In 622, pilgrims from Yathrib, seventy-five of them Muslims, from them two women, came to perform the Hajj. During the latter part of one night, while all were asleep, the Muslims from amongst the Yathribite pilgrims secretly crept into the place whether they had previously arranged to meet the Prophet, at the rocks at Aqaba, to vow allegiance to the Prophet and invite him to their city. At Aqaba, they met the Prophet, and with him was his uncle, then still a pagan but one who defended his nephew due to familial bonds. He spoke and warned the Muslims about the dangers of their task, and against proving untrue to their commitment if they undertook it.
Another person from the pilgrims who was present the previous two years also stood and warned against the danger of their commitment and their preparedness to uphold it. In their staunch determination and love of the Prophet, they swore to defend him as they would defend their own selves, their wives and children. It was then that the Hijrah, the emigration to Yathrib, was decided.
This is known as the Pledge of War, because it involved protecting the person of the Prophet, by arms if necessary; and soon after the emigration to Yathrib, the Quranic verses permitting war in defense of the religion were revealed. These verses are crucial in the history of Islam:
“Permission is given unto those who fight because they have been wronged, and God is indeed able to give them victory; those who have been driven from their homes unjustly only because they said -- Our Lord is God! For were it not that God repels some people by means of others, monasteries and churches and synagogues and mosques in which the name of God is extolled would surely have been destroyed…” (Quran 22:39-40)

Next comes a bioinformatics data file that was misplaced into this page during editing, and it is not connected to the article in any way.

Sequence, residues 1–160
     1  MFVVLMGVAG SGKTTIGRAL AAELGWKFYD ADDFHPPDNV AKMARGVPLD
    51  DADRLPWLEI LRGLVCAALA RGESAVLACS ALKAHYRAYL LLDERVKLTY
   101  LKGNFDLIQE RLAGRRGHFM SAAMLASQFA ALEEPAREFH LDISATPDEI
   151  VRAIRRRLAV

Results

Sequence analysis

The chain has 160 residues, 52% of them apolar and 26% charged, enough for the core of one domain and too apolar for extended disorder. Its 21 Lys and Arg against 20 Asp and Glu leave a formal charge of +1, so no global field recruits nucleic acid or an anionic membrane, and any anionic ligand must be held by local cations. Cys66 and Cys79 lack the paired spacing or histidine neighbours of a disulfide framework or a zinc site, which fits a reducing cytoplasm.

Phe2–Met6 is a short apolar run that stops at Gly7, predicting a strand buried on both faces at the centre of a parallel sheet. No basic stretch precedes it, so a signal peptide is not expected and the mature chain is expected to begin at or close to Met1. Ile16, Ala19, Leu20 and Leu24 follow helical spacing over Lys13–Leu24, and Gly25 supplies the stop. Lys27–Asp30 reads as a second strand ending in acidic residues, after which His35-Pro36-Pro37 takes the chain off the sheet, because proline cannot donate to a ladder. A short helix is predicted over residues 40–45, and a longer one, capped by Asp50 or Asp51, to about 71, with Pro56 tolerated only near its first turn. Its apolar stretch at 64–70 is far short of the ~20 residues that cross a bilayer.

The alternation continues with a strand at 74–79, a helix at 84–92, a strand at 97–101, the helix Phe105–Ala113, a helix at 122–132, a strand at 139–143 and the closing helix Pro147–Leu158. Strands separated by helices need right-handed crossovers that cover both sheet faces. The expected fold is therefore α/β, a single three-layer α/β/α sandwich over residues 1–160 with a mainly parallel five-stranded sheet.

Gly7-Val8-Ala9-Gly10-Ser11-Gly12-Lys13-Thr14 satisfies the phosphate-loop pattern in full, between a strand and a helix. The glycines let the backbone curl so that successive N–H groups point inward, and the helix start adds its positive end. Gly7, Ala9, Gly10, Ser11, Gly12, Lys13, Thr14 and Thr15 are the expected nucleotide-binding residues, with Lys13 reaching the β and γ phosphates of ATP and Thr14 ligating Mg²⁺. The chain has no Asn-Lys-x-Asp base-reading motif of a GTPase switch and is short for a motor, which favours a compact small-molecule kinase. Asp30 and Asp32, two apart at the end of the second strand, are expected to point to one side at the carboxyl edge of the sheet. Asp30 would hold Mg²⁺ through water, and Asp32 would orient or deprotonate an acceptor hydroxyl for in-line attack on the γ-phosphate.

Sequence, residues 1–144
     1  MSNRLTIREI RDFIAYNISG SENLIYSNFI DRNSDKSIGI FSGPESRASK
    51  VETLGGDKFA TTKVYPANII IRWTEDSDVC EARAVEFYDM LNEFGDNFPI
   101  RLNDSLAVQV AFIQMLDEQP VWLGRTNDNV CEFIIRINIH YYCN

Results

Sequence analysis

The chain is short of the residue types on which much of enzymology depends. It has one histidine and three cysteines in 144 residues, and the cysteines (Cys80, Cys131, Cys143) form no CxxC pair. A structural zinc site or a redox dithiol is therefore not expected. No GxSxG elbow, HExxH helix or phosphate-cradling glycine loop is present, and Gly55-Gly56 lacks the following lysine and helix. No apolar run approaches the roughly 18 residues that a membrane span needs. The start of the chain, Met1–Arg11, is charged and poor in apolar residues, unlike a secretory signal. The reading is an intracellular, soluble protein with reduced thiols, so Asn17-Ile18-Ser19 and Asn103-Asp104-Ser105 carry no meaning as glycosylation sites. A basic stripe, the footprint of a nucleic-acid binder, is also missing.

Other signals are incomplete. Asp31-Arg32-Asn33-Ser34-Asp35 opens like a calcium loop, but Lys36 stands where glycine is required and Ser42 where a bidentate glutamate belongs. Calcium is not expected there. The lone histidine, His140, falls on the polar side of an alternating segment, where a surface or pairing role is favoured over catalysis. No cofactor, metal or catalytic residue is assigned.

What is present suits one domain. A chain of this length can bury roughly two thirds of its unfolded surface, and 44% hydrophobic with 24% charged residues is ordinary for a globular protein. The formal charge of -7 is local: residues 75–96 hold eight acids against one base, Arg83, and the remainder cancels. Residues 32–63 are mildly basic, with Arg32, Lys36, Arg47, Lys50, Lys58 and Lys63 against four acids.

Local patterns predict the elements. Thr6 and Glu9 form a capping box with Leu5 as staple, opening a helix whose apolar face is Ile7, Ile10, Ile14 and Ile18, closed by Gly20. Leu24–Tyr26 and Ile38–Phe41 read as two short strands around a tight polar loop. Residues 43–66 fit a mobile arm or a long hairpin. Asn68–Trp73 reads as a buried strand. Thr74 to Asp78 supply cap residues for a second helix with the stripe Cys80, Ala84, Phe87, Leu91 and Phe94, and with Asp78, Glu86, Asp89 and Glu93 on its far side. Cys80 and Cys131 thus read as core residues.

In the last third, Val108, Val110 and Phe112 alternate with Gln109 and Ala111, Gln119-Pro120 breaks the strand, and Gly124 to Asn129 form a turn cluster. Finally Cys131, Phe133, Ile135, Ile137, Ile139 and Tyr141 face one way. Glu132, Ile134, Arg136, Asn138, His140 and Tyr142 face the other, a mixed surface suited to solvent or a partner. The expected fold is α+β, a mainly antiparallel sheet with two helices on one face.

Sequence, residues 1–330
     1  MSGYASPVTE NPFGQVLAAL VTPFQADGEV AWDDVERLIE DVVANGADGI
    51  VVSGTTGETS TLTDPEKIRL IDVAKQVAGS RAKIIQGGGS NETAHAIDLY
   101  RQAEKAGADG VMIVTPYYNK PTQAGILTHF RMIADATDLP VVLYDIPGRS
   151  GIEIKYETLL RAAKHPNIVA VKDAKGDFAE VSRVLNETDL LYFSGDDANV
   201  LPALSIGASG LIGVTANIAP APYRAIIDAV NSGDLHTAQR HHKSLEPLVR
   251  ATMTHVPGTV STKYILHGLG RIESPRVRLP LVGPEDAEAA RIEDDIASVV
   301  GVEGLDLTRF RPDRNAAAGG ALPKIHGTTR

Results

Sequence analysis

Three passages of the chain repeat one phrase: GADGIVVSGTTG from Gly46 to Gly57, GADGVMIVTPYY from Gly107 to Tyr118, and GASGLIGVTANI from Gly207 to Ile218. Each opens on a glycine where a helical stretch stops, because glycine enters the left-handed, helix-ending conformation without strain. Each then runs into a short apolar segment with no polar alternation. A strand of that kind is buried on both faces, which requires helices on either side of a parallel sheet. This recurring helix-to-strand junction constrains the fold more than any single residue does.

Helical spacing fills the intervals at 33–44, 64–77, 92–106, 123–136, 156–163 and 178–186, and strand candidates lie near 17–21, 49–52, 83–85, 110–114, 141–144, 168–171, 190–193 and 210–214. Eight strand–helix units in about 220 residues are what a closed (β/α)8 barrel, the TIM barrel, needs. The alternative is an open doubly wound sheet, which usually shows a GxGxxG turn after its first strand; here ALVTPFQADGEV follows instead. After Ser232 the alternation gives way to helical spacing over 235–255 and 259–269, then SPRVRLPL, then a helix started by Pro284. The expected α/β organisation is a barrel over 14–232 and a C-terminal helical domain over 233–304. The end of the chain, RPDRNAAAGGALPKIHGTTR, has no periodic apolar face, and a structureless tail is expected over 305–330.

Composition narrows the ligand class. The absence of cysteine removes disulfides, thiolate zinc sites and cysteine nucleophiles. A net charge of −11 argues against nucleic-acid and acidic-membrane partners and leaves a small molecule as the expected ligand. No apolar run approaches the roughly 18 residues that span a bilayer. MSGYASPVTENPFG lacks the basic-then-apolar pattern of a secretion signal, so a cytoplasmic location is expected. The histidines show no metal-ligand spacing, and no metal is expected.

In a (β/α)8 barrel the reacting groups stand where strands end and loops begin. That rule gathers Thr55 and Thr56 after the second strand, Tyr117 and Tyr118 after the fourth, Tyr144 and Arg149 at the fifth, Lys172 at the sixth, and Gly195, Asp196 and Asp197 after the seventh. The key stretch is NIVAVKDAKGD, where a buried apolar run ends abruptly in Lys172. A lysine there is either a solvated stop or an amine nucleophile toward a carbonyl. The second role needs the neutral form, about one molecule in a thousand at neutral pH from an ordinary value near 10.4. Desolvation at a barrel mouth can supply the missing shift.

A turning-point had come for Prophet Muhammad, for the Muslims, and for the world. It was Prophet Muhammad’s destiny, and an aspect of his prophetic function, that he should demonstrate the alternatives open to the persecuted and the oppressed; on the one hand, forbearance; on the other, what is called by Christians the ‘just war’, but for which, in the words of a later Quranic revelation – “corruption would surely overwhelm the earth” (Quran 2:251). For almost thirteen years, he and his followers had suffered persecution, threats and insults without raising a hand in self-defense.
They had proved that this was humanly possible. Circumstances were now changing and called for a very different response if the religion of Islam was to survive in the world. Peace has its seasons, but so has war, and the Muslim never forgets that every man born is born to struggle in one form or another, at one level or another; if not physically, then spiritually. Those who try to ignore this fact are, sooner or later, enslaved.
Plot to Murder the Prophet
In small groups, the Muslims slipped out of Mecca and took the road to Yathrib. The Hijrah (‘emigration’) had begun.
For Quraish the limits of what was bearable had been passed. Enemies within the city were bad enough, but now these enemies were setting up a rival centre to the north. The death of Abu Talib had removed Muhammad’s chief protector. Restrained hitherto by principles inherited from their bedouin forefathers and by the fear of causing a troublesome blood feud, the leaders finally decided that Muhammad must die. Abu Jahl proposed a simple plan. Young men should be chosen from different clans, each one to strike a mortal blow, so that Muhammad’s blood would be upon all of them. Hashim could not seek retribution from all the other clans.